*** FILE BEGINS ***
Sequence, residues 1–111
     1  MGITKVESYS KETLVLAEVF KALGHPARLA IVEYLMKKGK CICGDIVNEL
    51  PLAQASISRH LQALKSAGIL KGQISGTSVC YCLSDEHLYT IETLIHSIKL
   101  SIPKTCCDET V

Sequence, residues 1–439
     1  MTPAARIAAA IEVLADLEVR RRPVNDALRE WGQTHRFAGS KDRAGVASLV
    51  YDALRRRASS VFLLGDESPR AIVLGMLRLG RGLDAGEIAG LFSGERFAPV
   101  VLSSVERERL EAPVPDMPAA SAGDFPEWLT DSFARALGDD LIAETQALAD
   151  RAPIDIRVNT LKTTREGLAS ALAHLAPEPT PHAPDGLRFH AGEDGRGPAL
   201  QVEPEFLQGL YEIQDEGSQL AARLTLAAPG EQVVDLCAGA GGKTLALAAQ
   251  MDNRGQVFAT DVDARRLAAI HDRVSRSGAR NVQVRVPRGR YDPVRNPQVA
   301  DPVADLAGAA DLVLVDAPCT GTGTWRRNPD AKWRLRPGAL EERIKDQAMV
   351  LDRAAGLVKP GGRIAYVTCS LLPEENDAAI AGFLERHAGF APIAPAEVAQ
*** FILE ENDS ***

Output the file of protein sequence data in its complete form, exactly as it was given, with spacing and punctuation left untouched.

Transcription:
Sequence, residues 1–111
     1  MGITKVESYS KETLVLAEVF KALGHPARLA IVEYLMKKGK CICGDIVNEL
    51  PLAQASISRH LQALKSAGIL KGQISGTSVC YCLSDEHLYT IETLIHSIKL
   101  SIPKTCCDET V

Sequence, residues 1–439
     1  MTPAARIAAA IEVLADLEVR RRPVNDALRE WGQTHRFAGS KDRAGVASLV
    51  YDALRRRASS VFLLGDESPR AIVLGMLRLG RGLDAGEIAG LFSGERFAPV
   101  VLSSVERERL EAPVPDMPAA SAGDFPEWLT DSFARALGDD LIAETQALAD
   151  RAPIDIRVNT LKTTREGLAS ALAHLAPEPT PHAPDGLRFH AGEDGRGPAL
   201  QVEPEFLQGL YEIQDEGSQL AARLTLAAPG EQVVDLCAGA GGKTLALAAQ
   251  MDNRGQVFAT DVDARRLAAI HDRVSRSGAR NVQVRVPRGR YDPVRNPQVA
   301  DPVADLAGAA DLVLVDAPCT GTGTWRRNPD AKWRLRPGAL EERIKDQAMV
   351  LDRAAGLVKP GGRIAYVTCS LLPEENDAAI AGFLERHAGF APIAPAEVAQ